Don't celebrate transparency standards yet

A stop sign in Hendrysburg, Southeastern Ohio.
A stop sign in Hendrysburg, Southeastern Ohio.

Canada’s federal government tabled a bill last week that would require mining, oil and gas companies to disclose how much they pay foreign and domestic governments for access to their resources.

The proposed Canadian legislation applies to oil, gas and mining companies with at least $20 million in assets and $40 million in revenue or employ an average of least 250 employees. It targets companies that are listed on Canadian stock exchanges or had assets in Canada during one of their two most recent financial years.

The mining industry is supportive of the law, even going so far as to submit their own set of recommendations last January. They hope that if people can see how much money they give to governments, they can increase their social capital and redirect public grievances at political leaders rather than mining companies.

Oxfam Canada is also praising the federal government for championing a global transparency standard that, it says, could help millions of people living in poverty demand their fair share of wealth from resource extraction.

But, amid all of this applause, let’s keep in mind that the United States was the first country to pass a payment disclosure law in 2010 and it still hasn’t implemented a rule. This should serve as a warning that there is lots of room for the oil and gas industry to undermine a law in the time it takes to write a rule.

The American example

President Obama signed Section 1504 of the Dodd Frank Wall Street Reform and Consumer Protection Act into public law in 2010 and sent it to the U.S. Securities and Exchange Commission (SEC) to implement a rule. The SEC wrote a strong rule in August 2012 that required companies to disclose payments to all levels of government for each of their projects. But the American Petroleum Institute challenged the rule in court only two months later, saying it placed an undue burden on the industry and would negatively affect competition.

In July 2013, the U.S. District Court for the District of Columbia sent the rule back to the SEC to either a write a new rule or provide a better justification for the first one. The SEC will discuss the rule again in March 2015, and until then, one can only speculate whether lobbying by the oil and gas industry has been successful, or not.

Canadians should take note of this because, as Oxfam Canada rightly pointed out, the tabling of legislation “is only the first step in developing Canada’s disclosure requirements.” Even if it passes a law supporting payment transparency, it will still need to settle important details, such as what the definition of a “project” will be and what the reporting standards will look like.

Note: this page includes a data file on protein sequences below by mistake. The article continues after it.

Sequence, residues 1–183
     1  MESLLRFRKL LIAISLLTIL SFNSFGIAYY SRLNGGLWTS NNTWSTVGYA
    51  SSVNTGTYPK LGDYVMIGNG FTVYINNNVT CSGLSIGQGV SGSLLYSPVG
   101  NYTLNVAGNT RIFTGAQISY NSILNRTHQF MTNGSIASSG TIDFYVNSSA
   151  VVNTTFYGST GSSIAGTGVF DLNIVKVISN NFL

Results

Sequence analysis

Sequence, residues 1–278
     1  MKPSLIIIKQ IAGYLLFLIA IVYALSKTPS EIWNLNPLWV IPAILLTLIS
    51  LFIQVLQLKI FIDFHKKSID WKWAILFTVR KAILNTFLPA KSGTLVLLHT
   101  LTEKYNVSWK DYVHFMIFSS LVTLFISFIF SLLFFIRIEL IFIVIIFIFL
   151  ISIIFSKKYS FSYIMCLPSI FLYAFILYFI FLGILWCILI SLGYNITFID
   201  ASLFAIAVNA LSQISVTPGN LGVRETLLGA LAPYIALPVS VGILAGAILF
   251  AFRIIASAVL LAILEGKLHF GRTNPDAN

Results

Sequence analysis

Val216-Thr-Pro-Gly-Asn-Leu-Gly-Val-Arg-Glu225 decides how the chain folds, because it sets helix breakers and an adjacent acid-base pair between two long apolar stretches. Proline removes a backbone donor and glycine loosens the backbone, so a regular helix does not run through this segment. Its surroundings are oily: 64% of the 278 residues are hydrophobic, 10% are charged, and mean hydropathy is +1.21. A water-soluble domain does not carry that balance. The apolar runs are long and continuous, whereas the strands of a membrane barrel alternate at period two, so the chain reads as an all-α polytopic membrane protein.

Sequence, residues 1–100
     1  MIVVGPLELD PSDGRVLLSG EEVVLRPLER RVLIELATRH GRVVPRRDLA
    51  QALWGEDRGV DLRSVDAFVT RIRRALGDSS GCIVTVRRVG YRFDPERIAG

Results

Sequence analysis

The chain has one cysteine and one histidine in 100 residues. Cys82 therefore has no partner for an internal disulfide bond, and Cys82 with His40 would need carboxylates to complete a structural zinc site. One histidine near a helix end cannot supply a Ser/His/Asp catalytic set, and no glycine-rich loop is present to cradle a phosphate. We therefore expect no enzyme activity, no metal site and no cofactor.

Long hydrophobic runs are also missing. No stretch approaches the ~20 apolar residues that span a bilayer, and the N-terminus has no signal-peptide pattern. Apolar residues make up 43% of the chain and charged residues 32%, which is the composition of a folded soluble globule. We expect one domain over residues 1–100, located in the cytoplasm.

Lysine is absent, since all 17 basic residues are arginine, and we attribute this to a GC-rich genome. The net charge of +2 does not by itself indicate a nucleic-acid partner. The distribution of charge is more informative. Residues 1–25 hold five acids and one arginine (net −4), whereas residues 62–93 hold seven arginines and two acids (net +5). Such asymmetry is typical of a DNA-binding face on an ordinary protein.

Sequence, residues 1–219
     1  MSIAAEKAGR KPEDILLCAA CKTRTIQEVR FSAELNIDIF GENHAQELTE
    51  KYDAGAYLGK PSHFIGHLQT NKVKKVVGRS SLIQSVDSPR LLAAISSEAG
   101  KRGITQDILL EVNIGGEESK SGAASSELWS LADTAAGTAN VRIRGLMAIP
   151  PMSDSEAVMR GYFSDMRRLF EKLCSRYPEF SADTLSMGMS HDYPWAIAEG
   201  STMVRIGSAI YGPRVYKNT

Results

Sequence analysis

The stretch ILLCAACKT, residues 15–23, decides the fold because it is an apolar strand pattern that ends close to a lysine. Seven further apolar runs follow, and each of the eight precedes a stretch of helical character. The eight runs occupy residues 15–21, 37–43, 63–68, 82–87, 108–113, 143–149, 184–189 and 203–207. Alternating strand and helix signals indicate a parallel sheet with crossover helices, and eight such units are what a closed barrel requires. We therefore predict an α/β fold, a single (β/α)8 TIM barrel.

These are important details that can determine how useful the information is to the people living near oil, gas and mining projects. The more information people have, the easier it will be for them to hold their governments accountable for resource revenue. And likewise, any attempts to anonymize or exempt companies from disclosing will “rob citizens of the economic benefits of natural resource wealth,” said Claire Woodside Director of Publish What You Pay Canada, the global network of organizations pushing for payment disclosure last July.

And the Canadian oil and gas industry is not as supportive of a strong rule as the Canadian mining industry is. The Globe and Mail reported last week that “the Canadian Association of Petroleum Producers supports the principle of transparency, but has concerns about how it may be implemented.”

Talisman Energy Inc., a Canadian oil and gas company, is openly calling for a weaker rule. The company said in a letter to Natural Resources Canada in May that it does “not believe that trying to draft Canadian rules so that they are ‘equivalent with the most severe set of rules currently proposed is of any service to Canadian companies.’”

The letter goes further, pointing out that “the EU Accounting Directive was drafted to align with the then-existing Dodd Frank 1504 rules in order to establish a global reporting standard. Those Dodd Frank rules were subsequently vacated. If Canada drafts its revenue transparency rules to align with the EU Accounting Directive…it is ignoring the lessons learned in the U.S.”

Talisman and I are making the same point: even when you think you have a law in the bag, things can change very quickly.  So let’s not ignore the lesson learned in the U.S. and make sure that we don’t let a perfectly good transparency law get undermined by weak rules and red tape.

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